A Collection Of Negro Traditional & Folk Songs with Sheet Music Lyrics & Commentaries - online book

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A very little Nigger boy down on the bayou, Scrubbing underclothes, oh, papa! Oh, man, the washerman! Oh, man, the washerman!
There are various occupational songs that interest the collector and reveal the Negro's habit of making his work something more than mere machine movements — characterizing it, so to speak, giv­ing it dramatic values./If that spirit could be carried over into all in­dustry and even professional work, perhaps there would be less labor unrest than at present. Work is dignified when it is shown to be im­portant enough to have a song addressed to it, when it is lyrically apostrophized. The Negro has little of the detached, impersonal attitude toward life or any aspect of it, but thinks and speaks sub­jectively. Even the street cries in the South are musical, as Harriet Kershaw Leiding has shown in her interesting booklet about Charleston, "Street Cries of an Old City." So, in New Orleans, the chimney-sweep announces himself by a weird cry, half wail and half chant, which can scarcely be imitated, but which is very impressive: Ramonee la chemine latannier! And Miss Emilie Walter has given me the cry of the watermelon vendor in South Carolina: "Barka-lingo, watermelon! Barka-lingo, watermelon!" with its musical in­tonations and echoing fall.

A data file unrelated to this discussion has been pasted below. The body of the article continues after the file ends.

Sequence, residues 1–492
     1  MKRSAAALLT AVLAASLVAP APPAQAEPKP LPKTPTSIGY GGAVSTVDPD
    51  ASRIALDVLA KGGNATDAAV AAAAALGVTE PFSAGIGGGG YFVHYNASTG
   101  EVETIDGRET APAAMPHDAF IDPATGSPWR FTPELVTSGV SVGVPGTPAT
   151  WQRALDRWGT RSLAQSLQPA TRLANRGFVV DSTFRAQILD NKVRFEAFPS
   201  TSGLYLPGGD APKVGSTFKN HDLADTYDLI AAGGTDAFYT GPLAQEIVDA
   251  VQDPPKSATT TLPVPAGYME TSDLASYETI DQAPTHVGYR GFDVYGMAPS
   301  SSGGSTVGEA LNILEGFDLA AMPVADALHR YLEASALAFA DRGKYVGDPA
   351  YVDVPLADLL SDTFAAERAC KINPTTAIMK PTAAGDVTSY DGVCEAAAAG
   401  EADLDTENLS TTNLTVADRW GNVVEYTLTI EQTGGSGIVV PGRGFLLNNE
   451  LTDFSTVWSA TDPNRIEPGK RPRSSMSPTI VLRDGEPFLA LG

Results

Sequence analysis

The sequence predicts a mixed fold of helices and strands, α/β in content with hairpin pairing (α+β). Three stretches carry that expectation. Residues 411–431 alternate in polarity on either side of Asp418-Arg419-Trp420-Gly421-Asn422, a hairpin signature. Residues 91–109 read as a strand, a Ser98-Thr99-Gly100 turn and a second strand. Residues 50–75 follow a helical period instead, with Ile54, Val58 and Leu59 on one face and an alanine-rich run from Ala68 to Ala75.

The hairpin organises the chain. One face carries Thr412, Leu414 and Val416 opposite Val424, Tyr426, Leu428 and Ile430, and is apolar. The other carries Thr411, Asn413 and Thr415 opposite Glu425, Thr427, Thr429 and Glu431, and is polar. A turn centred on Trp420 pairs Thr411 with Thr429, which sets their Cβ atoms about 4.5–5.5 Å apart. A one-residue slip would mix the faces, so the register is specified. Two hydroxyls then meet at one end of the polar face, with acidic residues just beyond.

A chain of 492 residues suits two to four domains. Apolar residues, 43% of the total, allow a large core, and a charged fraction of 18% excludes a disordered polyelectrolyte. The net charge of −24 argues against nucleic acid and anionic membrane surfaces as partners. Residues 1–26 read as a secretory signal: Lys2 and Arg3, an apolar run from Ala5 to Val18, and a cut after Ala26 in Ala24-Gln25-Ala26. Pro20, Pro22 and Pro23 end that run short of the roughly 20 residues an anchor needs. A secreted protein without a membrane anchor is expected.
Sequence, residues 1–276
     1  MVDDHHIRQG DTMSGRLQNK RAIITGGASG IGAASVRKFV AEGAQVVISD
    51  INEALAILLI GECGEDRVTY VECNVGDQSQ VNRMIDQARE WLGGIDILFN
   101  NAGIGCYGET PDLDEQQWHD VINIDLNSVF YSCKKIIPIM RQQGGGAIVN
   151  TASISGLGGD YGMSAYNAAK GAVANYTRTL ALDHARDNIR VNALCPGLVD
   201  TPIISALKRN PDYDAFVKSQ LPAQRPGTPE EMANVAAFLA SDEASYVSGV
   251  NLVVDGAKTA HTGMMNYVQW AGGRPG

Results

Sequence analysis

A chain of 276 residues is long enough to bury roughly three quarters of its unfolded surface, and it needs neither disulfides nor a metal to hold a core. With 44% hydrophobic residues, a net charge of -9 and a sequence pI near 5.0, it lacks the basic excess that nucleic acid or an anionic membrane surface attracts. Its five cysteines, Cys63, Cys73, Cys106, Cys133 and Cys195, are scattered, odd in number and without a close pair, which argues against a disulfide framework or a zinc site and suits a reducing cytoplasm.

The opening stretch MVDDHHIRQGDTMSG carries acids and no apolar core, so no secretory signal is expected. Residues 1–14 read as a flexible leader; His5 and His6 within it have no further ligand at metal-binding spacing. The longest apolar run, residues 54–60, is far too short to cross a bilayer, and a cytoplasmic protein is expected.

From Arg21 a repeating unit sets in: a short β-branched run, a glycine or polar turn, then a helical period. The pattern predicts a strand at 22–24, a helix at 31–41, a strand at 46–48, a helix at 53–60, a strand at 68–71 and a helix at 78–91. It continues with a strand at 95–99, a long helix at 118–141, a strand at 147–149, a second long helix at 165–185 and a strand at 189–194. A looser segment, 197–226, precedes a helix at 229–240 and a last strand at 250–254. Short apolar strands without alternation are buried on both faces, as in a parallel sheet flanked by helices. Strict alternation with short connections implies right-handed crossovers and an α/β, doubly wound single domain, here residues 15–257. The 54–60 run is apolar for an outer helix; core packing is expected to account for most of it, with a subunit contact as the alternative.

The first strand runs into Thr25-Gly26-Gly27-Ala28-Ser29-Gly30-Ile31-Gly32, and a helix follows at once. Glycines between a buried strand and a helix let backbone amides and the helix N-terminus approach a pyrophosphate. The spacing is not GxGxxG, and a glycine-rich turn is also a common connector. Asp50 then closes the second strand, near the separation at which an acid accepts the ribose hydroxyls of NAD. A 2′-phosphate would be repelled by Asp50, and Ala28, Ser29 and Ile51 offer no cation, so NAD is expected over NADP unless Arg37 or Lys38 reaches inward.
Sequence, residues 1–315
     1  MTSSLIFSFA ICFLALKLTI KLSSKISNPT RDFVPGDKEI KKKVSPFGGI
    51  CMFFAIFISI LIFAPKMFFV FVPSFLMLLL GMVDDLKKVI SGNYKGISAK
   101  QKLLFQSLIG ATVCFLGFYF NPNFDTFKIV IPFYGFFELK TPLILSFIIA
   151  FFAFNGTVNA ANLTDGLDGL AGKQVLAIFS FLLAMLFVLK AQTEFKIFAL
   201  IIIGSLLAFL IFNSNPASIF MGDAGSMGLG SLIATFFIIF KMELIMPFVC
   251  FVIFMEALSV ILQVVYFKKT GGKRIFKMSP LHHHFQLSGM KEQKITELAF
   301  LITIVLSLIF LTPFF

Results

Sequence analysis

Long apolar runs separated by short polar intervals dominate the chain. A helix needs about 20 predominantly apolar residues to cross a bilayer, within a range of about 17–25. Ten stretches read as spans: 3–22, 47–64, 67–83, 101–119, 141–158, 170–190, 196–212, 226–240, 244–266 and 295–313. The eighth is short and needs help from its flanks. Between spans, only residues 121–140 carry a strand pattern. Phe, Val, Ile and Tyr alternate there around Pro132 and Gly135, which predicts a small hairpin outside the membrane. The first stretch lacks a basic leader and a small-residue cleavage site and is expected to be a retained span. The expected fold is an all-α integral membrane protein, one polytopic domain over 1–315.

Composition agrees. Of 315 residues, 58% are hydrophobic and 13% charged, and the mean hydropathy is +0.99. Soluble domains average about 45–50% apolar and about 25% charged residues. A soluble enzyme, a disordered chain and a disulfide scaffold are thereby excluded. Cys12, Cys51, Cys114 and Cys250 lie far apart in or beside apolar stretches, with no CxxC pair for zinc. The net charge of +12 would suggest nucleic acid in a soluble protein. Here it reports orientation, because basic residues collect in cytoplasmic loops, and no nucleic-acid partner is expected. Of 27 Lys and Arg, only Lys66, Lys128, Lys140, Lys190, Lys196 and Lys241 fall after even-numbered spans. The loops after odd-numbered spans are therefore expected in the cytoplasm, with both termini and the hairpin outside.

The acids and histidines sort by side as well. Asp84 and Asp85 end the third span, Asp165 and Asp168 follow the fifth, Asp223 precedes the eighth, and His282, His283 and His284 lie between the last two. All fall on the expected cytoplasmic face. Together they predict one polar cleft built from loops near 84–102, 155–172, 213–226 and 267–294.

In Texas, especially at Waco, I am told, the bootblacks sing at their work, songs passed from one to another, or improvisations, which they call "shine reels," and which serve not only to entertain the customer whose shoes are being polished, but to make less weary the waiting time for those who have not yet ascended the throne. The boys who black the shoes of the Baylor University students are, or used to be several years ago (I left Waco some years ago and cannot speak definitely now), adept at remembering or im­provising these reels. Early Busby gave me one recently that he recalled having heard sung at these bootblack establishments.

E-Book - An Annotated Compendium of Old Time American Songs by James Alverson III